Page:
Let’s face it, no one is expecting a film starring Paris Hilton to be good, and The Hottie and the Nottie is definitely not “hot.” On premise alone, the film has that straight-to-DVD flavor and Paris’ robotic performance does nothing to improve the vibe. Yet somehow, despite the ridiculously contrived plot, horrible acting, and gag-worthy humor the movie is still hysterical in that train wreck...

Feast of Love

The film’s choppy structure means there is little chance for any character development as attraction is immediately followed by a gratuitous sex scene, marriage, and then divorce, without exploring any of the subtle idiosyncrasies that make relationships relatable and interesting. The film constantly pushes the barrier of reality, especially in scenes intended for comic relief like one where Bradley’s dog is held hostage by his seven-year-old nephew.

The Simpsons Movie

No one is safe from the parodying hands of The Simpsons writers, not even themselves. After sitting through the Itchy and Scratchy movie, Homer asks the audience why anyone would pay for something they get free on TV? The answer is 87 minutes of non-stop laughter, nailing everyone from Walt Disney, Grand Theft Auto, Arnold Schwarzenegger, and of course, the Fox network.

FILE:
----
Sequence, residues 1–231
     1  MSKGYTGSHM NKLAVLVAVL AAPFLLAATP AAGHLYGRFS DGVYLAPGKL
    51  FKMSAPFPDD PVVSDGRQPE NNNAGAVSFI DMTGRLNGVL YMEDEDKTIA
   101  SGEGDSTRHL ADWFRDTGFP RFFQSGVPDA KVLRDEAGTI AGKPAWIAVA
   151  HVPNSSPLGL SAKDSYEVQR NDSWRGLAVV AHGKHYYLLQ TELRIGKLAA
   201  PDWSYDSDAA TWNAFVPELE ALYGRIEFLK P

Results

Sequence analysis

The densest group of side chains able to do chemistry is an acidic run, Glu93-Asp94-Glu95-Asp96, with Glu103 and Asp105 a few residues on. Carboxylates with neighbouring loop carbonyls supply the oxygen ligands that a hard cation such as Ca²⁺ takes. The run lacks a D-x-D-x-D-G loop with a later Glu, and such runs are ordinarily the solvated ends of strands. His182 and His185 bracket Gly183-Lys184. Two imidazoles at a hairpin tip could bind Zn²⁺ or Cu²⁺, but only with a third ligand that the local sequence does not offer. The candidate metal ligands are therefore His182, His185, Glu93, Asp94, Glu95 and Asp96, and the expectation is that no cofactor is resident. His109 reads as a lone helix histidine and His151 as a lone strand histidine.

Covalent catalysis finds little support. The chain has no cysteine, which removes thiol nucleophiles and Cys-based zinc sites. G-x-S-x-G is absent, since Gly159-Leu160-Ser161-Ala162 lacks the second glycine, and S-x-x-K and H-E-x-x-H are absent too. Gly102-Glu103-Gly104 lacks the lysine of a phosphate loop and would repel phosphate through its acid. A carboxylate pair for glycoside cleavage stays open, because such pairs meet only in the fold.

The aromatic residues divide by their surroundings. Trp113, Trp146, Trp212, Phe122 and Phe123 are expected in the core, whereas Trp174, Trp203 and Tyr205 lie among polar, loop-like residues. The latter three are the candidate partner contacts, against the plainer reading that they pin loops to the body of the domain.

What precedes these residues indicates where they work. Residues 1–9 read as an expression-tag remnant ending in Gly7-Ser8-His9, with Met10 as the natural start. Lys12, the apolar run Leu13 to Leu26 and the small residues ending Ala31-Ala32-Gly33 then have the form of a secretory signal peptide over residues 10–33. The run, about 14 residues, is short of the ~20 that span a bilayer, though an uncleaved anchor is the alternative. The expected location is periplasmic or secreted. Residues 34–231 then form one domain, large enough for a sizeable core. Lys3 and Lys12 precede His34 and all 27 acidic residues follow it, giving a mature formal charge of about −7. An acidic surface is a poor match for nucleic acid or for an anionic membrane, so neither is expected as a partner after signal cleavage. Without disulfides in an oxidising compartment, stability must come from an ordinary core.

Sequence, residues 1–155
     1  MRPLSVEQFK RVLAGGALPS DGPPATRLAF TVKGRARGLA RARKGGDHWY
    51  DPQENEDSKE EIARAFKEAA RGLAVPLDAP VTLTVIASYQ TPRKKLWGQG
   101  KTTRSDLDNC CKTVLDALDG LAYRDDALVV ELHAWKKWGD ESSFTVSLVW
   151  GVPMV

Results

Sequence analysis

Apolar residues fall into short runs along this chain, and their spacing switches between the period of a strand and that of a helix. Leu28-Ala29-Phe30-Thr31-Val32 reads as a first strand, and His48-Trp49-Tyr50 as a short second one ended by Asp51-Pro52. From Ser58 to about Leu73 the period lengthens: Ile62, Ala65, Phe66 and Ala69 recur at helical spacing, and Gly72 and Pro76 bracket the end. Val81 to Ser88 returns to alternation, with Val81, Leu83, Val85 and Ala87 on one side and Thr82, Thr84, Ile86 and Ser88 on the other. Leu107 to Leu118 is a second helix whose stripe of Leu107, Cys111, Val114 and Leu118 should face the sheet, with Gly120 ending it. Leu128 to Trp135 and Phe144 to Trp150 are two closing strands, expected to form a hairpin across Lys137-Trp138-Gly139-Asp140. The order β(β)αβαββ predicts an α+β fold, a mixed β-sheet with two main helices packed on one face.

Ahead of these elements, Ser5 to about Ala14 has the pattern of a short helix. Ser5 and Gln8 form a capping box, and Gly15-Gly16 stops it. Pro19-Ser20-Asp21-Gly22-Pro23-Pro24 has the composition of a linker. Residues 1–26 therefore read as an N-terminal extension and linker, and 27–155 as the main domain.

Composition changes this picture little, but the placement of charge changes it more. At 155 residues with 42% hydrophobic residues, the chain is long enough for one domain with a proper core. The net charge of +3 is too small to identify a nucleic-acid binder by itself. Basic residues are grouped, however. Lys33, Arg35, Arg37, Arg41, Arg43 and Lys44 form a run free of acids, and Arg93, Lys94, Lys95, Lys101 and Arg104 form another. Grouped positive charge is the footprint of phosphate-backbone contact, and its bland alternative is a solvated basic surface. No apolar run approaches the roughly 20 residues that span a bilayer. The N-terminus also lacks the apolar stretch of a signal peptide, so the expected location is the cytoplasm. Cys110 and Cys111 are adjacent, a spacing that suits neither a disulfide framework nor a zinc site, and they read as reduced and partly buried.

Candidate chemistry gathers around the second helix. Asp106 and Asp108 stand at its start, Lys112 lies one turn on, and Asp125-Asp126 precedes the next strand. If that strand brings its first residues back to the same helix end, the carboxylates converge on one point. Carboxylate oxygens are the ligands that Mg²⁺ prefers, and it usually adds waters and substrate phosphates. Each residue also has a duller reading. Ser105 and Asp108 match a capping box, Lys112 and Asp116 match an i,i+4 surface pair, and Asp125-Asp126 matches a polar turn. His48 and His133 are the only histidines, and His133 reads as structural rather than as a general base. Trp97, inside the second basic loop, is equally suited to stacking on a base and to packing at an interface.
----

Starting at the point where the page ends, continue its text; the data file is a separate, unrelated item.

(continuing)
P.S. I Love You

Just in case you were somehow fooled by the previews, let me start this review off with a resounding chick flick alert. If you don’t like movies with somewhat unbelievable premises justified by a dashing leading man, hilarious supporting characters, and tear-jerking moments that will make you cry harder than you did in Stepmom, than stay away from P.S. I Love You.

Love in the Time of Cholera

Translating a classic novel to the screen is always a challenge, but when you’re adapting a book with very few lines of dialogue and a plot driven mostly by character’s lamentations, it’s an almost impossible task. Not to mention that the story spans over fifty years, six hundred women and endless political and emotional turmoil. The producers of Love in the Time of Cholera supposedly had to beg Gabriel Garcia Marquez for the rights to the novel, promising to remain completely faithful to the original story. Thus, instead of generating a coherent script around the heart of the book, the filmmakers tried to squeeze in as many tidbits from the novel as possible, winding up with a jumble of scenes and characters that never really engage the audience.